In the early summer of 1964, less than 7 percent of voting-age blacks in Mississippi were registered to vote. Four decades later, a black man is a front-runner in the race to become president. Some of the credit for that change goes to 1964's "Freedom Summer" — an effort to register black voters in arguably the most virulently racist state in the nation: Mississippi. And that famed civil-rights effort is the event that shapes Bourbon at the Border, now being produced by Ensemble Theatre in collaboration with Karamu House.
Set in 1990s Detroit, this ambitious play by Pearl Cleage explores the effects that Freedom Summer had on its participants. Even though most of the 1,000 workers who signed on for hazardous duty in the Magnolia State were white, this script focuses on two fictional blacks, Charlie and Rosa, who went south that year and experienced the full brunt of the rabid, redneck backlash.
This is an accurate premise; the black civil-rights workers always seemed to enrage the racist yahoos more than their white counterparts. But only a bit of this history is dealt with in Cleage's first act, and that restraint, which could be admirable in a different play, works to the detriment of this production.
During the almost 90 minutes before intermission, the playwright slowly introduces us to quiet, sixtysomething May and her apartment-house pal Rosa, a snappy, slightly younger soul sister with a fast mouth. We soon learn that May's husband, Charlie, has been in a mental institution for depression, a long-standing ailment triggered by the horrific events of that summer.
He has recently been released and soon arrives at May's home. There, Rosa regales May and Charlie with stories about her current squeeze, Tyrone, her attempt to be a phone-sex operator, and her inability to tell corny jokes. May responds by sharing her and Charlie's dream of someday living in the Canadian woods. Eventually, all this small talk engineered by the playwright gets so minuscule, the serious issues Charlie and May are dealing with become submerged in prattle. Also, a seemingly disconnected subplot is introduced, involving news reports of a couple of dead bodies found in the neighborhood — older white men who were viciously killed, but not robbed.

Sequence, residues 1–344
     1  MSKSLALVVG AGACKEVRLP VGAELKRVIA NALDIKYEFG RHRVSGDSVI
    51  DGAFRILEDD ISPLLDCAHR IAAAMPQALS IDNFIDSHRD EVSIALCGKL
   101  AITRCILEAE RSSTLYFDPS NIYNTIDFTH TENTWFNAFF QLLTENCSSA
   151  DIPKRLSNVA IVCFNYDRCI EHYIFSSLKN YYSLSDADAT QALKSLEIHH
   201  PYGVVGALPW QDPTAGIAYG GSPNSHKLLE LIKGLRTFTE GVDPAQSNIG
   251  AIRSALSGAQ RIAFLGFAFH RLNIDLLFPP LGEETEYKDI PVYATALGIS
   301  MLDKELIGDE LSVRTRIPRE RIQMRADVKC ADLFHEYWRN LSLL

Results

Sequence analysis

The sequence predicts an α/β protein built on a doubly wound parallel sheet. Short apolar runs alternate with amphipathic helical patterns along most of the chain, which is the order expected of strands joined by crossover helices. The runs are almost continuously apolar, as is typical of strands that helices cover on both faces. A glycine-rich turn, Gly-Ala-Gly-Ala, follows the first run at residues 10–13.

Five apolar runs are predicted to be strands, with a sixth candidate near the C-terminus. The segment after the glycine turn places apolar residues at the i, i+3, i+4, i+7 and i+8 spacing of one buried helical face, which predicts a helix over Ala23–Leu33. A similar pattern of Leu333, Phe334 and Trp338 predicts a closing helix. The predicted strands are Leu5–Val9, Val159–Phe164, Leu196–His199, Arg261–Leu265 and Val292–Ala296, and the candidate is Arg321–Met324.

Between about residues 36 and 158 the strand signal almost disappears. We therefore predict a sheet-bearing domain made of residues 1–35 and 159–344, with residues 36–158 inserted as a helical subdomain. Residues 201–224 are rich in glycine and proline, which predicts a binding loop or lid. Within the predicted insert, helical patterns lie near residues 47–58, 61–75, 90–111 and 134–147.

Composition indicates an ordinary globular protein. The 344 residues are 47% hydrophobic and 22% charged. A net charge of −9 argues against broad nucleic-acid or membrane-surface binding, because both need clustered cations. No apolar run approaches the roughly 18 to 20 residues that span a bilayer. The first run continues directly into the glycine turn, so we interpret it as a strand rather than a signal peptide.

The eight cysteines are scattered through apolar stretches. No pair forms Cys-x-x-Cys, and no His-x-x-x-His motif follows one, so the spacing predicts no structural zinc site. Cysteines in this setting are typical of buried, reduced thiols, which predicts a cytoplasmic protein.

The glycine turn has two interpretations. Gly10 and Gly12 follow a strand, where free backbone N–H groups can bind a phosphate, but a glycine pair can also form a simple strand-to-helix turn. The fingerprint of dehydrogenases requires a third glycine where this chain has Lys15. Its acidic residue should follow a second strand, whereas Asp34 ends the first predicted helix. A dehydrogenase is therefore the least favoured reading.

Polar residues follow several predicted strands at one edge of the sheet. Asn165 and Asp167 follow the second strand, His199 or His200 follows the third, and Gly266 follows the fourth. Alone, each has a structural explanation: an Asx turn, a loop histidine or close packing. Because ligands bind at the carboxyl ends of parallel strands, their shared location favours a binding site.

Something actually happens in the second act, when Charlie is fired from the job Tyrone helped him secure. This trauma triggers a flashback by May, during which she relives being brutalized at the hands of a Mississippi sheriff and his mouth-breathing deputies. The act is then wrapped up in a flurry that includes an unbelievable twist and some corny daydreaming about the up-north cabin.
Given the meandering script, the four actors acquit themselves remarkably. Joyce Meadows is entirely credible as May, and she delivers a shattering monologue, declaring about her time in the south, "Everybody wants to know how brave you were, but nobody wants to hear how scared you were." As Charlie, Abdullah Bey has the right mix of heavily medicated calm and an undercurrent of smoldering rage. In the frequently comical role of Tyrone, Peter Lawson Jones — a Cuyahoga County Commissioner by day — is as smooth as a long sip of Jack Daniels Black, which he totes everywhere he goes. Stephanie Stovall brings plenty of fun to her effervescent portrayal of Rosa, but she needs to dial back some of the stage business (she powders her face more than Tammy Faye Bakker) and screech a bit less often.
Director Terrence Spivey drives the pace as well as he can, but there are so many squishy and undramatic sequences that even his hyperactive blocking can't cover up the flaccid writing. And while curtain calls aren't crucial to any production's success, it must be mentioned that this remarkably haphazard series of bows is capped by the cast assuming a frozen, smiley pose that is passing strange.
There are no doubt great stories to be told about Freedom Summer, but this one takes too long to get to the heart of the matter.